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October 23, 1981 - Image 4

Resource type:
Text
Publication:
The Detroit Jewish News, 1981-10-23

Disclaimer: Computer generated plain text may have errors. Read more about this.

THE JEWISH NEWS

iUSPS 275 520.

ISETWEEN TWO Fibs

incorporating The Detroit Jewish Chronicle commencing with the issue of July 20, 1951

Copyright ,c. The Jernsh News Publishing Cc. -

Member of American Association of English-Jewish Newspapers, National Editorial Association and
National Newspaper Association and its Capital Club.
Published every Friday by The Jewish News Publishing Co., 17515 W. Nine Mile, Suite 865, Southfield, Mich. 48075
48075
Postmaster: Send address changes to The Jewish News, 17515 W. Nine Mile, Suite 865, Southfield. Mich.
Second-Class Postage Paid at Southfield, Michigan and Additional Mailing Offices. Subscription $15 a year.

CARMI M. SLOMOVITZ
Business Manager

PHILIP SLOMOVITZ
Editor and Publisher

ALAN HITSKY
News Editor

HEIDI PRESS
Associate News Editor

DREW LIEBERWITZ
Advertising Manager

Sabbath Scriptural Selections

This Sabbath. the 26th day of Tishri. 5742. the following scriptural selections will be read in our synagogues:
Pentateuchal portion. Genesis 1:1-6:8. Prophetical portion. Isaiah 42:5-43!10.

Wednesday and Thursday, Rosh Hodesh Heshvan

Numbers 28:1-15.

Candle lighting, Friday, October 23, &19 p.m.

VOL. WOOL No. 8

Page Four

Friday, October 23, 1981

COMFORT IN JUDGMENT

Many a Daniel has come to judgment in these
turbulent times for the world, for the United
States as a major factor drawn into the Middle
East disputes, for Israel as a target and for Jew-
ry's cousins in the Islamic world who make the
target the scapegoat.
Any wonder, therefore, that former Presi-
dents of the United States should Inive provided
comfort for Israel's enemies in an issue which is
only partially Jewish-affected but which could
be a major concern for the peace of an area
whence often have developed world conflicts?
The Wall Street Journal had a definition for
the manner in which three ex-Presidents
utilized a tragic moment in history during
which to encourage credibility, even if it is done
without intent of malice, for Israel's mortal
enemies. In its issue of Oct. 13, the Wall Street
Journal stated under the title "Funeral Post-
script":
"Gerald Ford and Jimmy Carter were riding
back from Cairo on the same plane Saturday,
when they loosened their shirt collars and cal-
led in the reporters. Before you knew it, they
came out in favor of the U.S. talking with the
Palestine Liberation Organization, one of the
outfits that cheered the assassination of the
man whose funeral the two had just attended.
Being out of office must be more dulling to polit-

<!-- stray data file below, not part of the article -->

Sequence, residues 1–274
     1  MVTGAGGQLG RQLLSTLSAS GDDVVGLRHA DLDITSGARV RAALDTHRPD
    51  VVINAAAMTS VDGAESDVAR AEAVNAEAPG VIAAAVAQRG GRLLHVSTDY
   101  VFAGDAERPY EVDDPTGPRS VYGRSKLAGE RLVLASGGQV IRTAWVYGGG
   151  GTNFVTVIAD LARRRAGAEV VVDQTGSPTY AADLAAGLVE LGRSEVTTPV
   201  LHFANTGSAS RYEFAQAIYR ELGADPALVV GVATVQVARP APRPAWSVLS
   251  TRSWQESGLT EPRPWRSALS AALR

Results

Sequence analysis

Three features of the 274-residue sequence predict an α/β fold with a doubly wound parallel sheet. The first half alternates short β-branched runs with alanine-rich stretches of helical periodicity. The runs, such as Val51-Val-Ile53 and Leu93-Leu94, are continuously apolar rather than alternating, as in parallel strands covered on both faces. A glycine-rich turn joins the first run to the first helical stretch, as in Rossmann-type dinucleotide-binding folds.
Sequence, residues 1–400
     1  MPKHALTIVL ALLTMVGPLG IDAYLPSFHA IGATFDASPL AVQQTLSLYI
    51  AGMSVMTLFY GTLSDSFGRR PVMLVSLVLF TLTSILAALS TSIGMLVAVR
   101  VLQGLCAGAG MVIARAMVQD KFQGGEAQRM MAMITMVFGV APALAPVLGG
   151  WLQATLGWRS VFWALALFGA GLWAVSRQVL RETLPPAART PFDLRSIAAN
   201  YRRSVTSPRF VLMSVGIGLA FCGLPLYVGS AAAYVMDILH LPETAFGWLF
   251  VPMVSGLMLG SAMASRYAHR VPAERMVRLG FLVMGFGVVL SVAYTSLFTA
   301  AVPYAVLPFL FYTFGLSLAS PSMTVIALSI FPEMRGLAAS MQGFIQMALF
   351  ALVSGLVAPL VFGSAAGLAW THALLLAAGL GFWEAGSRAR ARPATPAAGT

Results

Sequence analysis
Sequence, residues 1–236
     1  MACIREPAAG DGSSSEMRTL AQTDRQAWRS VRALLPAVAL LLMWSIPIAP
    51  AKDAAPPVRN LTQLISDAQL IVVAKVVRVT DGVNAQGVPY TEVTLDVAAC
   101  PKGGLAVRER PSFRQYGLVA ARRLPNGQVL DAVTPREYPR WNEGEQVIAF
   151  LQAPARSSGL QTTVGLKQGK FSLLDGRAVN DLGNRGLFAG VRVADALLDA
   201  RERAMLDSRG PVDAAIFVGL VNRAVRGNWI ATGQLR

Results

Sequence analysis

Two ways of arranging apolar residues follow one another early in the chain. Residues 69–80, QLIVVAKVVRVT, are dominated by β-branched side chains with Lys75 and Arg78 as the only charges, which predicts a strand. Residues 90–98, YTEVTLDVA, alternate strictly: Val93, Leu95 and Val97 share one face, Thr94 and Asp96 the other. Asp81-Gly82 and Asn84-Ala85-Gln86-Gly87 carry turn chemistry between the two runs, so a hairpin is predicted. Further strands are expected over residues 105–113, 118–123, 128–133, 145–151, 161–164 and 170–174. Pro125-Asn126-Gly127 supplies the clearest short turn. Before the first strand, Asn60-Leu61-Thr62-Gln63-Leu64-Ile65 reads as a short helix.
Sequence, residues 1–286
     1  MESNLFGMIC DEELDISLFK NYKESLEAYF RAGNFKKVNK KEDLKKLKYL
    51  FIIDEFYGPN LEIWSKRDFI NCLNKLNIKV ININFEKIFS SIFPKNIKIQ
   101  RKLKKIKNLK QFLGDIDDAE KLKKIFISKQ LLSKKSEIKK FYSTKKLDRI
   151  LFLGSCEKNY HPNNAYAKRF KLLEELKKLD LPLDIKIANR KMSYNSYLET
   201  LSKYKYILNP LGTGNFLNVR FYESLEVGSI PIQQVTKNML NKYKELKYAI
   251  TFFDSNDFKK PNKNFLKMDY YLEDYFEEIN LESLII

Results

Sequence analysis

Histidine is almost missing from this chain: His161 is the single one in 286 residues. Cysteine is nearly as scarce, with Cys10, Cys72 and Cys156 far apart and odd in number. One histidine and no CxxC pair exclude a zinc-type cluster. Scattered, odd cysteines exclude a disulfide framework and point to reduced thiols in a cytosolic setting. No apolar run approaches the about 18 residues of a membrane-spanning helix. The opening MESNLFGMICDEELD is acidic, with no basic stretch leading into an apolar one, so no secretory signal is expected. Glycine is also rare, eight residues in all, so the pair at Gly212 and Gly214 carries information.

ical instincts, and the sense of appropriateness,
than we had imagined."
In a matter of such vast seriousness, under
conditions when the nation is told that a Presi-
dent's pledge cannot be broken, the administra-
tive judgment therefore being that a President
can't be wrong, it is most distressing that those
adhering to the right to differ must keep on
drawing for supporting opinions. It is under
such compulsions, therefore, that the New York
Times, surely not a propagandist for Israel,
must be quoted again.
The Times said on Oct. 11:
"The Reagan Administration demeans its
tribute by making the contest over AWACS a
posthumous referendum on Mr. Sadat — a fran-
tic effort to court the Saudis, who disown e d him
and denounced his noblest act. Other Ameri-

cans have run past the bier with equal haste to
exploit the murder for their denunciations of
Israeli intransigence or Soviet-sponsored ter-
rorism.
"The death of large men should have mean-
ing. But it will not be found in the familiar -
political preocupations of the day. This slain
Egyptian leader defied the conventions of his
time. He merits a higher place in memory."
Such assertions are not as comforting as the
composition of the Congressional opposition to
the AWACS proposals. Congress did not sub-
scribe to the theory that a President and his
Administration can do no wrong. They over-
whelmed such a viewpoint.
And since those who lack either vision or good
feelings introduced the Jewish issue into a seri-
ous matter affecting the peace of a vital area,
the factor to be called comforting is the mem-
bership of Congress and its actions. Taking into
account the fact that perhaps 85 percent of those
who voted on the issue in the U.S. House of
Representatives come from states with practi-
cally no Jewish population to speak of, some
with Jews numbering less than two percent of
the citizens, there is comfort in the judgment
being pronounced.
The vote in the House was indicative of a
conviction of the injustice of the AWACS prop-
osal. A majority of Republicans disagreed with